"I felt that if a patient came to the preop waiting area before surgery, they needed somebody with compassion, somebody with understanding," Marilyn says. "I've cried with my patients. I've laughed with my patients, and I've given hugs to patients that needed it."
Marilyn retired in 1997 — the same year she and Warren married on Valentine's Day.
Their long-standing connections to Mayo Clinic have inspired the Batemans to give back. At Christmastime, they give to the Poverello Fund, an endowment that offsets a portion of medical expenses for patients receiving care on the Saint Marys Campus. Since its founding in 1983, the fund has helped more than 13,000 patients.
The Batemans began giving to the fund by contributing a percentage of the sale of their house. That drew a visit from Sister Generose, who wanted to learn more about the family's intent for the funds.
"I was over in Saint Marys and saw all those statues for the sisters, and there was nothing visible in the Gonda Building for the nurses," Warren says. "I wanted a person when they came here, to think of a nurse or the nurses that treated them."
With that in mind, the Batemans respectfully declined to have an atrium in the Gonda Building named in their honor. Rather, they advocated for naming the space for Mayo nurses. Now called the Mayo Nurses Atrium, it's the largest-known physical space named in honor of the nursing profession at any medical center.
Two inspirational pieces are included in the atrium. First is "Forever Caring" by Gloria Tew. It was dedicated in 2003 to honor Mayo Clinic nursing professionals — past, present and future. The bronze sculpture portrays nurses in practice, education and research.
Second, Dale Chihuly's untitled glass sculpture hangs one level above the atrium. The 6,000-pound piece spans 45 feet and features 1,375 pieces of glass among 13 chandeliers.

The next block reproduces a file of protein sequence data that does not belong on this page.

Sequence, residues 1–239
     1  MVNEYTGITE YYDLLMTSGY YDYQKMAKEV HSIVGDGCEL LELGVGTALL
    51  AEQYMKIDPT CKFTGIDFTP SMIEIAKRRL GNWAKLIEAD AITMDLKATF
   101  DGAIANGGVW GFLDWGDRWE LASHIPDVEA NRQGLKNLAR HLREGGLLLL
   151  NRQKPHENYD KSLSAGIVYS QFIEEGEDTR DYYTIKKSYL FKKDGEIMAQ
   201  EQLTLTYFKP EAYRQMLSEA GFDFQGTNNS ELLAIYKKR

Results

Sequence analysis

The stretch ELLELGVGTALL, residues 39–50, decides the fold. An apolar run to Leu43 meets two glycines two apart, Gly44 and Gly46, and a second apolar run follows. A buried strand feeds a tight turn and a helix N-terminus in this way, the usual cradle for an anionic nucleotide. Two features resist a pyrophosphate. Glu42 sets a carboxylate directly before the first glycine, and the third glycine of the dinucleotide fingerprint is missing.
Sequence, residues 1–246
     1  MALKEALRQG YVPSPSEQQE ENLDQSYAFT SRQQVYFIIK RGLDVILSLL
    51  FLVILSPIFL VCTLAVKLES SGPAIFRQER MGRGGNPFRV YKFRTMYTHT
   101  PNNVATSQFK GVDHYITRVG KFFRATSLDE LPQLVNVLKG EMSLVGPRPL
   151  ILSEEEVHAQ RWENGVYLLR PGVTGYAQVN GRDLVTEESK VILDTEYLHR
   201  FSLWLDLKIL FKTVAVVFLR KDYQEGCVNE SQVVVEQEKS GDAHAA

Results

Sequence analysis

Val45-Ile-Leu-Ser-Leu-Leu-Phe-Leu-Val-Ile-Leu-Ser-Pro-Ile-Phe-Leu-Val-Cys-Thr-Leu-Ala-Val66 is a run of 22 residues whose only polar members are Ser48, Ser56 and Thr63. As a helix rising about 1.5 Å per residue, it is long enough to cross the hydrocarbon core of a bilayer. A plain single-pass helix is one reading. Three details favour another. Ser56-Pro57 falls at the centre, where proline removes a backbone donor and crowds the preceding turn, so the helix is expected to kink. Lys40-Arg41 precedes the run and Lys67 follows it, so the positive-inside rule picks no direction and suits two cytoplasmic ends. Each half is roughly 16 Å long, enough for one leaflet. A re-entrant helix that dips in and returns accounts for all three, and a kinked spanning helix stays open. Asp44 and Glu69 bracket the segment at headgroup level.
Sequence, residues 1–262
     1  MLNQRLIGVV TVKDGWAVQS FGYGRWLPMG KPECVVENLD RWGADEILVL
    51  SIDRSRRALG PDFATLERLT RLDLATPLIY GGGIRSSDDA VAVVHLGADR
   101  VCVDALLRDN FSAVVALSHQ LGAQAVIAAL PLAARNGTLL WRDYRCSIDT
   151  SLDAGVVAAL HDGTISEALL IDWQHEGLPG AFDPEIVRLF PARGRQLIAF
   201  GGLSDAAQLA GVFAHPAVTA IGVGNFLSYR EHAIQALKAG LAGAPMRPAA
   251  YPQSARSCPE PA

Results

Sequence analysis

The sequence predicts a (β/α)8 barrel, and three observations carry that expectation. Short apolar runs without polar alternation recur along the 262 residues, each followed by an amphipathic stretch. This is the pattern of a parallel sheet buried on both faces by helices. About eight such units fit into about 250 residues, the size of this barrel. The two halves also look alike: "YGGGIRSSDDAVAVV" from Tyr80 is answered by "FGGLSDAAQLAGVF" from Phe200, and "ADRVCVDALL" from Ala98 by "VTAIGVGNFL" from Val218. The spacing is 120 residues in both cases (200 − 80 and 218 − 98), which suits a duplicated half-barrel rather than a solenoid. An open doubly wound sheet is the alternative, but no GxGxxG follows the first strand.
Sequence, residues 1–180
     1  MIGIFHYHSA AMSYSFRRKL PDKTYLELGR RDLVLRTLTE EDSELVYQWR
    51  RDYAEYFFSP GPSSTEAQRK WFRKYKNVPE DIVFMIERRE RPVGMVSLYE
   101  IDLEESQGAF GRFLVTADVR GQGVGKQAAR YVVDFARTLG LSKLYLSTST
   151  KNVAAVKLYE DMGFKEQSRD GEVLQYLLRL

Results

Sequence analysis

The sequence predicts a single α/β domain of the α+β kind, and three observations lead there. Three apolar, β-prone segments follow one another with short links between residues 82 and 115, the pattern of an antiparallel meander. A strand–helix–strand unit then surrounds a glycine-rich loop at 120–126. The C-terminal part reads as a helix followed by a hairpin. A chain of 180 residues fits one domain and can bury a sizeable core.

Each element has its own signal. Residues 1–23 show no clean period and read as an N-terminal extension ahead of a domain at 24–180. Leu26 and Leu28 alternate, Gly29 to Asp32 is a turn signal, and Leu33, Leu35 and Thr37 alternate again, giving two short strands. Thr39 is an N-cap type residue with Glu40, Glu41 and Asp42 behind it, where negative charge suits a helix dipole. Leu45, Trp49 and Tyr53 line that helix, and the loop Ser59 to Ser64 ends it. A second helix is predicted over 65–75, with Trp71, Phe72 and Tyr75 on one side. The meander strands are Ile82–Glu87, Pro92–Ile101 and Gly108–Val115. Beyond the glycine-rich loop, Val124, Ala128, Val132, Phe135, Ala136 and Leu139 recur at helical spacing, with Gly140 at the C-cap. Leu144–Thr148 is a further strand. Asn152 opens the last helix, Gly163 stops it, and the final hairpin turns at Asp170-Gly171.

Most recently, the Batemans saw the need to continue advancing surgical projects at the Saint Marys Campus. To that end, they donated funds to support the construction of new operating rooms.
The rooms are important because of an increase in the number of patients who need complex surgery. Across Mayo Clinic, about 130,000 surgeries are performed each year, with many challenging cases handled on the Saint Marys Campus.
The new operating rooms are nearly 1,000 square feet each to accommodate new technology and robotics that will not fit into existing operating rooms. They also let more specialists work simultaneously. This allows Mayo Clinic surgeons to help patients who need more complex surgeries or are at higher risk for complications. The rooms also offer the opportunity for surgeons to pursue the best practices in robotic, hybrid and surgical innovations.
True to the Batemans' philosophy of declining recognition, their support for these rooms is given in honor of Sister Generose.
"She had such a presence," Marilyn says. "She worked so hard for each and every patient and staff member."
That sentiment fits with the Batemans' view that Mayo Clinic's reputation comes from its people.
"At Mayo Clinic, you feel welcome," Warren says. "Everyone treats you with a smile. The doctors, the nurses, they all say, 'Is there anything else bothering you?' They want to treat you. They're interested in you."
"Mayo Clinic is truly a part of our lives, and it always feels like family," Marilyn adds. "It's like coming home."
Note: A version of this article was published previously in Mayo Clinic Magazine.